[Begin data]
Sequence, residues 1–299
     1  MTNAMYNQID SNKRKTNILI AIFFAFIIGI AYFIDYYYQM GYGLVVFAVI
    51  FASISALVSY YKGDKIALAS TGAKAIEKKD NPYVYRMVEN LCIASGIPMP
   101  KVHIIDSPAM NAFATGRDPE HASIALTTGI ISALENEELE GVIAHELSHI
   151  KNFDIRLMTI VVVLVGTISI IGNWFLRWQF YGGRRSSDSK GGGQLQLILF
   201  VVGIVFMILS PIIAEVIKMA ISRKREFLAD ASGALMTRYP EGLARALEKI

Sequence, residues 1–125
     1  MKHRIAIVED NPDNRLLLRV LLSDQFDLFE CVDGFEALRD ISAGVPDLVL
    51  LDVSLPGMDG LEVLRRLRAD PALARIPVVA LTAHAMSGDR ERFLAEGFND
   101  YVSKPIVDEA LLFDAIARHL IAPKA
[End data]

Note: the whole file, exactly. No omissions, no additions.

Sequence, residues 1–299
     1  MTNAMYNQID SNKRKTNILI AIFFAFIIGI AYFIDYYYQM GYGLVVFAVI
    51  FASISALVSY YKGDKIALAS TGAKAIEKKD NPYVYRMVEN LCIASGIPMP
   101  KVHIIDSPAM NAFATGRDPE HASIALTTGI ISALENEELE GVIAHELSHI
   151  KNFDIRLMTI VVVLVGTISI IGNWFLRWQF YGGRRSSDSK GGGQLQLILF
   201  VVGIVFMILS PIIAEVIKMA ISRKREFLAD ASGALMTRYP EGLARALEKI

Sequence, residues 1–125
     1  MKHRIAIVED NPDNRLLLRV LLSDQFDLFE CVDGFEALRD ISAGVPDLVL
    51  LDVSLPGMDG LEVLRRLRAD PALARIPVVA LTAHAMSGDR ERFLAEGFND
   101  YVSKPIVDEA LLFDAIARHL IAPKA